The End of the Noughties

December 2009

Over at the FT, some of my favourite end of decade articles are: The decade the world tilted east, How the noughties were a hinge of history, The end of Britain’s long weekend, Ageing populations will pile on the pain, Global tides that shaped the Noughties. These articles have mostly picked up on the theme of economic decline in the West and the ascendancy of China. From these articles we have:

First, we are seeing at least the beginning of the end not just of an illusory “unipolar moment” for the US, but of western supremacy, in general, and of Anglo-American power, in particular.

I am trying to remember now where it was, and when it was, that it hit me. Was it during my first walk along the Bund in Shanghai in 2005? Was it amid the smog and dust of Chonqing, listening to a local Communist party official describe a vast mound of rubble as the future financial centre of south-west China? That was last year, and somehow it impressed me more than all the synchronised razzamatazz of the Olympic opening ceremony in Beijing. Or was it at Carnegie Hall only last month, as I sat mesmerised by the music of Angel Lam, the dazzlingly gifted young Chinese composer who personifies the Orientalisation of classical music? I think maybe it was only then that I really got the point about this decade, just as it was drawing to a close: that we are living through the end of 500 years of western ascendancy.

I love the lines about the Orientalisation of classical music. Beautiful work Niall Ferguson.

Comparing the optimism of December 1999 with December 2009 the various articles have:

Wind the clock back 10 years to the start of the new millennium and things looked very different. The public finances of the Group of Seven leading economies posted a small surplus in 2000 for the first time in years, surpluses that were as large as 3.9 per cent of national income for the UK and 1.9 per cent for the US and Canada.

Larry Summers, then US Treasury secretary, had recently announced the US would start to use tax revenues to purchase US Treasury bonds before they fell due and predicted the country faced “the prospect we will pay off the whole national debt some time in the next 15 years”.

The optimism was catching. It reflected the economic success [the dot com boom] and favourable demographics of the 1990s... Hope for the noughties was overwhelming. And wrong.

Ten years on, the projected annual government deficit among advanced economies for 2010 is 8.3 per cent of national income, a level that guarantees public debt continues to rise.

Far from paying off national debt, International Monetary Fund estimates show accumulated government debt in 2010 of 107 per cent of national income, up from around 70 per cent in 2000.

This unhappy position will require tough decisions from all countries over public spending and taxation once the recovery has started, particularly in the US and UK where the annual deficits exceed 12 per cent of national income. But the problems are deeper than just rectifying the missed opportunities of the noughties and consolidating public finances. Population ageing will raise the demands on pension and healthcare budgets this decade in a way not seen before.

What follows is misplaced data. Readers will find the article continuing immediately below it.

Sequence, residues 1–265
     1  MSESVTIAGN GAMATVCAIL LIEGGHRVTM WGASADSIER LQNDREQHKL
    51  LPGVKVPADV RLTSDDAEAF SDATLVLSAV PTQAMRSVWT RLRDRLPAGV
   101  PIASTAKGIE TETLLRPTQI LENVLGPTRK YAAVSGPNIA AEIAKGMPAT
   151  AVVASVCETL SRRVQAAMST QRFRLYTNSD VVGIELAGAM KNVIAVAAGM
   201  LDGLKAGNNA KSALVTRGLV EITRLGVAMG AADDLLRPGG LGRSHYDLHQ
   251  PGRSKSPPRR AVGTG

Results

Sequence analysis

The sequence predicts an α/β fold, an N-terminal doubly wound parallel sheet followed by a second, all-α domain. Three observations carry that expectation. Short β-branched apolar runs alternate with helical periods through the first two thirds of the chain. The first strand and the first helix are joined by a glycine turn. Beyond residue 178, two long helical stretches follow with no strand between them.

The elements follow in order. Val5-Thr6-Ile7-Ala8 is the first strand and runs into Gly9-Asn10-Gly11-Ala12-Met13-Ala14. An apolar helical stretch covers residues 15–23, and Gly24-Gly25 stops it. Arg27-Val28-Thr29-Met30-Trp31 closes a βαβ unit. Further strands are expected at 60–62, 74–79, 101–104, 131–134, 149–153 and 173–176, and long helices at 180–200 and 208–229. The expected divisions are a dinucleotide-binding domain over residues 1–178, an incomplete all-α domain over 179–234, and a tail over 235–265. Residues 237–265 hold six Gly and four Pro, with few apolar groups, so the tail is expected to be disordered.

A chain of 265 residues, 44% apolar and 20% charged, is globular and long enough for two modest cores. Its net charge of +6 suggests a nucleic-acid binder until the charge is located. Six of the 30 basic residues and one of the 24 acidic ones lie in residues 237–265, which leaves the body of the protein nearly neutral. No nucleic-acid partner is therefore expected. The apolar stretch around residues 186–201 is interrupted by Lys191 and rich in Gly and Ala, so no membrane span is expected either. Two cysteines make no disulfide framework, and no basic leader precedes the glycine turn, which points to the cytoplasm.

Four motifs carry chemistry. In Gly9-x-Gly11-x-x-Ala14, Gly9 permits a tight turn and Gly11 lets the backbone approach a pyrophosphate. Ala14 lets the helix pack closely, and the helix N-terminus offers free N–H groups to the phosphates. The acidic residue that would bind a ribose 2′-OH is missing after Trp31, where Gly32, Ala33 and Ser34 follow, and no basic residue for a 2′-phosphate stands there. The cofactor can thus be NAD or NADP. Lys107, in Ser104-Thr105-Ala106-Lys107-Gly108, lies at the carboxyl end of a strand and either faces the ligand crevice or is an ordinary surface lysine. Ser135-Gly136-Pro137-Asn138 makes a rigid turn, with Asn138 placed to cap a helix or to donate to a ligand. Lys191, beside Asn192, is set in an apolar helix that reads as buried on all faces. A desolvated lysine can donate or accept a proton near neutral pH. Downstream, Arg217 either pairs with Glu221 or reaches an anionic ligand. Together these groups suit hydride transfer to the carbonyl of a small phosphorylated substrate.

It all sounds terribly depressing, but is that because we are concentrating on the Western perspective and missing the bigger picture of improving conditions in China? One of the articles is very pessimistic:

... the retreat of the glaciers (and polar ice caps) tells us the primary datum of the decade has been physical degradation of the planet. Give me a sceptic and I will take him to Shanghai or São Paulo on a day of ripe smog and see how sceptical he remains while coughing his guts into a mask and peering at brown sunlight as if through a dome of begrimed glass. Lake Baikal is a saline puddle and the Sahara is heading for Timbuktu. If the earth is not yet in its terminal death rattle, it sure ain’t looking good. Population pressure on shrinking and degraded resources in the poorest parts of the world is unrelenting and no mega-city – Lagos, Caracas, Rio, Mumbai – is without its mountain range of trash on which humans can be seen like skeletal goats picking over the black plastic for something to eat. Along with drought and famine, pandemics have returned: in which, like some as yet unwritten scripture, the animal kingdom – avian, porcine, bovine – is a bellwether of human perishability.

All of which seems to put the nail in the coffin of a collective optimism born 200 years ago, when the Enlightenment envisioned a world illuminated by reason, banishing the afflictions of ignorance, poverty, war and disease. That the arch-prophet of this smiley-faced secularism, the Marquis de Condorcet, perished while imprisoned by French revolutionary authorities should have told us something. But his own endearing naivety was replaced by waves of chin-up teleological certainty – capitalist, Marxist, Fordian – all beckoning us to the sunlit uplands of a sweeter future.

Regular readers of my blog know how I feel - I am infected with precisely the same teleological positivism which Simon Schama condemns so effectively in the brilliantly written postmodernist tirade above. I could say that the Noughties is the decade of mass media entertainment, of mindless celebrities, vacuous politicians, titillating tabloids and worthless ideological broadsheets. This mindless cultural decline is plunging us into chaos, the decline is now terminal, the process is thankfully self annihilating. From the ashes of civilization the phoenix will rise.